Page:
Synopsis: In this first volume of her extraordinary autobiography, Maya Angelou beautifully evokes her childhood in the American South of the 1930s. She and her brother live with their grandmother, in Stamps, Arkansas, where Maya learns the power of the ‘whitefolks’ at the other end of town. A visit to her adored mother ends in tragedy when Maya is raped by her mother’s lover. But her extraordinary sense of wholeness emerges; she discovers the pleasures of dance and drama and gives birth to a treasured son.
Comments: This was a good light read, and depicts the lives of African Americans in the pre-liberation era quite well. Having said that, this wasn’t really my cup of tea – I didn’t enjoy it as much as I thought I would.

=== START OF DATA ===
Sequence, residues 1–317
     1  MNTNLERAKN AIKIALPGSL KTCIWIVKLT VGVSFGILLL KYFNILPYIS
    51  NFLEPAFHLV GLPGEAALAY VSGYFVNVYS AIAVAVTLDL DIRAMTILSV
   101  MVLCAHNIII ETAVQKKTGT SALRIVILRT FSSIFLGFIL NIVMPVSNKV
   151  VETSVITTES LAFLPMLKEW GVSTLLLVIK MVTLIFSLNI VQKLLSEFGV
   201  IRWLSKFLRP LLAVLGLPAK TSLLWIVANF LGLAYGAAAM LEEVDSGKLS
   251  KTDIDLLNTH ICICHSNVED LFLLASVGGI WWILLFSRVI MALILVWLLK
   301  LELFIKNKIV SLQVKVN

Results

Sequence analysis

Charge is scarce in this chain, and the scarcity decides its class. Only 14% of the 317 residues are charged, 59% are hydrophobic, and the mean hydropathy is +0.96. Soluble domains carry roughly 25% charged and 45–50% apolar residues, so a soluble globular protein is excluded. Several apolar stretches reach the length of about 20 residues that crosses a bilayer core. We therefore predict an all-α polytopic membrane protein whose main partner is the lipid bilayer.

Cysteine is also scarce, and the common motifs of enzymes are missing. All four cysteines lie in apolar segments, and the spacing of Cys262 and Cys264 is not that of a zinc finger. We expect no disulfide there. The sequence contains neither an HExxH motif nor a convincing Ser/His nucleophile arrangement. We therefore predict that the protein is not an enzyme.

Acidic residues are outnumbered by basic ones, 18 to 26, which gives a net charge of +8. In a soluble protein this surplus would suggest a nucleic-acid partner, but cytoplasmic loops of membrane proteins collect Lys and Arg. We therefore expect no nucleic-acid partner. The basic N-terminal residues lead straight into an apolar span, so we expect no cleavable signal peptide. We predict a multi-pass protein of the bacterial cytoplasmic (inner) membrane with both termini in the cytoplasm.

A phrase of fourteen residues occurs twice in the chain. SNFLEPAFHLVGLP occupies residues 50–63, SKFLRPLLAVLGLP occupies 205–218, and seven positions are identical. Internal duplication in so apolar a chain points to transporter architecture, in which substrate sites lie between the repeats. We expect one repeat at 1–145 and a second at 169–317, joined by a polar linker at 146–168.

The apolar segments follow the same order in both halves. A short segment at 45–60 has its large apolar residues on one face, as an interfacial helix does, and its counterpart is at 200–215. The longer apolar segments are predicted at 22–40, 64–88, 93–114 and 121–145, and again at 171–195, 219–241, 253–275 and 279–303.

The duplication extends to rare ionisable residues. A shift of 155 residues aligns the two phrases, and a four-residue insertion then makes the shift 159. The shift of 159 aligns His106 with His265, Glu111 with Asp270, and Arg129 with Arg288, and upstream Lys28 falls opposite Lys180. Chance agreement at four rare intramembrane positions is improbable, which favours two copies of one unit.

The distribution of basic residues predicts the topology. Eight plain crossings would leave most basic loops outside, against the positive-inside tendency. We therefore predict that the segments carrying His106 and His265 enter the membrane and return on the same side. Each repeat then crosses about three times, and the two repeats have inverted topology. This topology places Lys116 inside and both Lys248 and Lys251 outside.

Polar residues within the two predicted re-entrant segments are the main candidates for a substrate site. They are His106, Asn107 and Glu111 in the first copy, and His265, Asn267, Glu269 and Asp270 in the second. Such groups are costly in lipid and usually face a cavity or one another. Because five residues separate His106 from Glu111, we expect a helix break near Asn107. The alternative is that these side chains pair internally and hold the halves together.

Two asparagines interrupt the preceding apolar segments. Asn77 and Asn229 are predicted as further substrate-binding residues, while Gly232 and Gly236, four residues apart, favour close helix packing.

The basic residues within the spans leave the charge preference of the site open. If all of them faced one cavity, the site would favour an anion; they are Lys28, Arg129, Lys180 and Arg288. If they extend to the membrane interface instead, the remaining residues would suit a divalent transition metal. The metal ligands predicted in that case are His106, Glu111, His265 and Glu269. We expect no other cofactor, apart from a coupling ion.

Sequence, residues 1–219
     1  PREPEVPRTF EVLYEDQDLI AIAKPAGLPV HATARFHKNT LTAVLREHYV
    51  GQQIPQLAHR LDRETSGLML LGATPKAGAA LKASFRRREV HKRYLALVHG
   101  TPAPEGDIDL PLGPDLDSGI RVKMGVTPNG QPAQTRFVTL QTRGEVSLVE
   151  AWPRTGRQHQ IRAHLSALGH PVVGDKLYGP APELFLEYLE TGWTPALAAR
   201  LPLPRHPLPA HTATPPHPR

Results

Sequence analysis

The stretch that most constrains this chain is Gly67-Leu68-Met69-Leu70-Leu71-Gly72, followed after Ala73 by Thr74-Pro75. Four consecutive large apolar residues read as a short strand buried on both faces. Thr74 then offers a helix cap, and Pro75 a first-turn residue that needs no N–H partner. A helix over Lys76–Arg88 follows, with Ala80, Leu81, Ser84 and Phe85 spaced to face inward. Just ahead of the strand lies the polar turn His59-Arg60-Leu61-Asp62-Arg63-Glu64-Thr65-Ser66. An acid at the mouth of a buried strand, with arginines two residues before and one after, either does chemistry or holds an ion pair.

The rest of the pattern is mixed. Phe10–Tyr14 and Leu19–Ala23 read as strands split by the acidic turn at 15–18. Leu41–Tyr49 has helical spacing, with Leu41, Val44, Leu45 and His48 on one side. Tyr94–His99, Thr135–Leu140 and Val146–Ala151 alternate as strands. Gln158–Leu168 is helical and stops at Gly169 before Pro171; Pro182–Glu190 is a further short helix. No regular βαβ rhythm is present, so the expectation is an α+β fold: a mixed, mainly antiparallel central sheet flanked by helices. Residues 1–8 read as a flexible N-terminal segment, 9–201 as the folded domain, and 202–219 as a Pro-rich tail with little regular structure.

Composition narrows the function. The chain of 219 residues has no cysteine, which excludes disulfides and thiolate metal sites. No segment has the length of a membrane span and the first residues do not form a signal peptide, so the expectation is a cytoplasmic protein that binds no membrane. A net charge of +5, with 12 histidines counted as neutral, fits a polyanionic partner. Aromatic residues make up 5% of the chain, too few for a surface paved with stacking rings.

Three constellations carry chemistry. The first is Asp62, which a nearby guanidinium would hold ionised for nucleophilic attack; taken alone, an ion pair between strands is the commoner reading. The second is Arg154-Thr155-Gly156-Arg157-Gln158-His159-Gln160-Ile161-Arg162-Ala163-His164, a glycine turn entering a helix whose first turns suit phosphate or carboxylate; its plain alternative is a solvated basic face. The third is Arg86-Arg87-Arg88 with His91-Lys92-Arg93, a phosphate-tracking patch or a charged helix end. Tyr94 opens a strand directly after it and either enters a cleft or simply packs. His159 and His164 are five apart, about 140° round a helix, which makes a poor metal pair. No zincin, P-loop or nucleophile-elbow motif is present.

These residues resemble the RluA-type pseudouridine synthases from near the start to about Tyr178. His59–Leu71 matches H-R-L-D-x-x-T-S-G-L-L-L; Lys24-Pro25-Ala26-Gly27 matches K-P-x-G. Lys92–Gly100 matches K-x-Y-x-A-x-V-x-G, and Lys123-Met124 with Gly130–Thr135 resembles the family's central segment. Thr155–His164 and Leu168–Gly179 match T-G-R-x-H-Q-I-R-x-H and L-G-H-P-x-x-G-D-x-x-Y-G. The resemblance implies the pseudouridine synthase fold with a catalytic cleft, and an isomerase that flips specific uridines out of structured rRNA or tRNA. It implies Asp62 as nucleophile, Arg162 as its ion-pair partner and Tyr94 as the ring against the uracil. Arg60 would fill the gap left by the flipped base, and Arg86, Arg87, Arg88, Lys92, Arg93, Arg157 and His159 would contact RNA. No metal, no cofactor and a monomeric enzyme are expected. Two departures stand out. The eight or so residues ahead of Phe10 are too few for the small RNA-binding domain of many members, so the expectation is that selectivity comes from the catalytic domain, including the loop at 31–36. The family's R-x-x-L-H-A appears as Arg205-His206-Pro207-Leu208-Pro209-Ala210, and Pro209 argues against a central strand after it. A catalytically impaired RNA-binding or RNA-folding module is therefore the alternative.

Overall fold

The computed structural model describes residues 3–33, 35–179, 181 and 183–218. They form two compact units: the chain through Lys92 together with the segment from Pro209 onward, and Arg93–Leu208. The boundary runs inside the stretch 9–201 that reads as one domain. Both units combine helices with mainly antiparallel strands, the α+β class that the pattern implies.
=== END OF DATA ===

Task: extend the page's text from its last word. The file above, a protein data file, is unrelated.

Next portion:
A good read for those studying ‘Black History’ as well as those that really enjoy autobiographies.
- Maya Angelou to Speak at Randolph College (prweb.com)
- Maya Angelou captivates audience at UGA (onlineathens.com)
- My Top 10 Novels for Black History Month (awomynsworth.com)
- DISCUSSION: Maya Angelou Shares Her Knowledge Of The Black Experience (newstalkcleveland.com)
- I Know Why The Caged Bird Sings (bringoutthecanon.wordpress.com)
- Angelou celebrates black history with Oprah, Keys (sacbee.com)